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  1. Avoidance of dyed food by the northern bobwhite

    Contributor(s):: Mastrota, F. N., Mench, J. A.

    Since certain colours are aversive to birds, the authors suggest that it might be possible to use dyes to prevent birds from consuming agricultural seeds and pesticide granules. The effectiveness of 8 dyes in repelling food consumption in a gamebird, the northern bobwhite (Colinus virginianus),...

  2. Bird strikes and aircraft fuselage color: a correlational study

    Contributor(s):: Fernandez-Juricic, E., Gaffney, J., Blackwell, B. F., Baumhardt, P.

  3. Colour preferences of domestic chicks in relation to food and water presentation

    Contributor(s):: Roper, T. J., Marples, N. M.

    The colour preferences of chicks presented with artificially coloured food (chick starter crumbs) and water were investigated. In experiment 1, 96 pairs of chicks received red, green or black food in the form of a small pile of crumbs placed on the floor of the test cage, or red, green or black...

  4. Identification of key nest site stimuli for Japanese quail ( Coturnix japonica )

    Contributor(s):: Schmid, I., Wechsler, B.

    Groups of Japanese quail hens were housed in pens (2 x 1 x 0.5 m) with litter and access to a sand-filled dust bath and 4 nest boxes for 2 periods of 15 days. The type of nest boxes varied between the pens and the incidence of eggs laid outside the nest boxes was recorded. In experiment 1 (8...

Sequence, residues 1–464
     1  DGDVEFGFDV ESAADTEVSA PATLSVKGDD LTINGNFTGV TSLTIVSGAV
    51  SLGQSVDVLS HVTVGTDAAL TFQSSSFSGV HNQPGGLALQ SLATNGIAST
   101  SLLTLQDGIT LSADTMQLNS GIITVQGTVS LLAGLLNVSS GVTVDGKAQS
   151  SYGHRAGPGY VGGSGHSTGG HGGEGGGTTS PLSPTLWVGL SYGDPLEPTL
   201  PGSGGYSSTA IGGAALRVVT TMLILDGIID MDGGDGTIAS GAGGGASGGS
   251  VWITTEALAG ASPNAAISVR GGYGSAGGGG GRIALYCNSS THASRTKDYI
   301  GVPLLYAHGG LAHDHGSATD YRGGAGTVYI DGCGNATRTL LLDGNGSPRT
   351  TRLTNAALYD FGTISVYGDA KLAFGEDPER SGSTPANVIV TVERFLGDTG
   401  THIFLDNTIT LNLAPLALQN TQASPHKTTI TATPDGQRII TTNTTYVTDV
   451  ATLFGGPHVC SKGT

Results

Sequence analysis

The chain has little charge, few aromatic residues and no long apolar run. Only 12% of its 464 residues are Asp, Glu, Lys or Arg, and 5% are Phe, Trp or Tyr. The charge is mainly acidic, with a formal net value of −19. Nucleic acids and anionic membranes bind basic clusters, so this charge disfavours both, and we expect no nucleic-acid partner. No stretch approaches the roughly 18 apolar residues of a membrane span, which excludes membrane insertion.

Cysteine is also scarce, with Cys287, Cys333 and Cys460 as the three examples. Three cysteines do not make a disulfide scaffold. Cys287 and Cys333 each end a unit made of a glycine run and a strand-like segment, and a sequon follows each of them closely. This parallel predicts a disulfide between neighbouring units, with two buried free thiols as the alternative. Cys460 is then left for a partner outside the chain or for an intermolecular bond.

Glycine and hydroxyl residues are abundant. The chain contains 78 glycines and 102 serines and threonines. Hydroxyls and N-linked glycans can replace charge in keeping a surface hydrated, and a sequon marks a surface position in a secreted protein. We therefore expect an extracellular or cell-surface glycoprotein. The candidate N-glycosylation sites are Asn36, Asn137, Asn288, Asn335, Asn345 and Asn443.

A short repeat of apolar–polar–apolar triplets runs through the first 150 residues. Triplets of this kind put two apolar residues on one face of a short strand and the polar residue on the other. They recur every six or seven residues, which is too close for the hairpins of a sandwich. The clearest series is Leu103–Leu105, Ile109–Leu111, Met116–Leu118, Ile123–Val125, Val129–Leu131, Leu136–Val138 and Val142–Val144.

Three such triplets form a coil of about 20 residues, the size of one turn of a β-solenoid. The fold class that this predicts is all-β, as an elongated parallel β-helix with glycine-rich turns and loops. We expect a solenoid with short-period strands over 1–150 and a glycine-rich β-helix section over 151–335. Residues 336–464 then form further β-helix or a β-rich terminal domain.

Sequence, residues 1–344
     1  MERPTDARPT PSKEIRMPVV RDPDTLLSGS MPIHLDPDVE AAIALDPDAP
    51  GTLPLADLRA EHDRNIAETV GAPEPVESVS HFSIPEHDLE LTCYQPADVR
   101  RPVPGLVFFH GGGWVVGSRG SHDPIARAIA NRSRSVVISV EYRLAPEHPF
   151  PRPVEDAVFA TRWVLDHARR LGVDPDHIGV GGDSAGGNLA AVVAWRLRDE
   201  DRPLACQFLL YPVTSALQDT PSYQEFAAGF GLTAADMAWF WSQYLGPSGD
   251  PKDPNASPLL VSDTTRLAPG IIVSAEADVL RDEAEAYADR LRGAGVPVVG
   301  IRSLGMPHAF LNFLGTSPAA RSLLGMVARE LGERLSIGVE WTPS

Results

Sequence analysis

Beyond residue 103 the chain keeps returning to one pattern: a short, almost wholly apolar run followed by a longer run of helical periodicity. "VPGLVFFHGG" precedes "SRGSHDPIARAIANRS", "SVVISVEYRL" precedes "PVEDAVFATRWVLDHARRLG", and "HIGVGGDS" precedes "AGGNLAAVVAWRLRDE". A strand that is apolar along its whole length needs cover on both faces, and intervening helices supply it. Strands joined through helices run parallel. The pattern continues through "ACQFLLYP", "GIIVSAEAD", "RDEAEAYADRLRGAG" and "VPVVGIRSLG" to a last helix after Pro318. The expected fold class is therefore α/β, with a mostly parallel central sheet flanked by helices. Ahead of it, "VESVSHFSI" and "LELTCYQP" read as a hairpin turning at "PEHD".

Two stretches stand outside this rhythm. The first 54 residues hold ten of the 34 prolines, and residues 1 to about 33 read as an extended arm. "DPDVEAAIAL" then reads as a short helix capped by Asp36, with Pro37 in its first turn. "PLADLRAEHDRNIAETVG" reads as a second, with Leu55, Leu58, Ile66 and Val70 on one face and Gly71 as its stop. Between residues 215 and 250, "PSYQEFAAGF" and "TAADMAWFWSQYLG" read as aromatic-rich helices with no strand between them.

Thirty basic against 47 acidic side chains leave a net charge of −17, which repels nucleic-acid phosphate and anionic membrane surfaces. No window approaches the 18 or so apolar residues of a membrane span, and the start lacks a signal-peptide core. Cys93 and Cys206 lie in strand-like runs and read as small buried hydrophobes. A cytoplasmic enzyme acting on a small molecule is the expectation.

5. Individual attributes as predictors of social status in small groups of laying hens

    Contributor(s):: Bradshaw, R. H.

    Physical traits (body weight, feather colour, comb size and comb colour) were investigated as predictors of social status (dominance, aggression and social interactiveness) in 4 groups each of 6 Ross Brown laying fowls. In the 1st group, there was a significant positive correlation between comb...

  6. Pecking at string by individually caged, adult laying hens: colour preferences and their stability

    Contributor(s):: Jones, R. B., Carmichael, N. L.

    The responses of 45-week-old, individually caged laying hens (n=24) to differently coloured (white, yellow, orange, blue) bunches of string, presented singly on consecutive days, were examined. This procedure was repeated at 51 weeks of age in order to assess the stability of observed...

  7. The ability of domestic hens to jump between horizontal perches: effects of light intensity and perch colour

    Contributor(s):: Taylor, P. E., Scott, G. B., Rose, P.

    Commercial non-cage housing systems for laying hens are kept at low light intensities to reduce the incidence of feather pecking. These low light intensity conditions may restrict the ability of hens to visually perceive important environmental features such as perches. This may have the...

  8. The effect of early colour preference and of a colour exposing procedure on the choice of nest colours in laying hens

    Contributor(s):: Huber-Eicher, B.

    It has been observed that hens at the start of lay show a strong preference for a limited number of nests, i.e. those at the corners and at the ends of rows. This leads to overcrowded nests and, as a consequence, to more aggression and an increase in cracked and mislaid eggs. This study aims to...

  9. The influence of light intensity during early exposure to colours on the choice of nest colours by laying hens

    Contributor(s):: Zupan, M., Kruschwitz, A., Huber-Eicher, B.

    When alternative husbandry systems to battery cages are used, a problem may arise whereby eggs are not laid in the nests provided. This leads not only to economic loss, but may also promote the outbreak of cannibalism. However, the choosing of a nest involves complex behavioural patterns and may...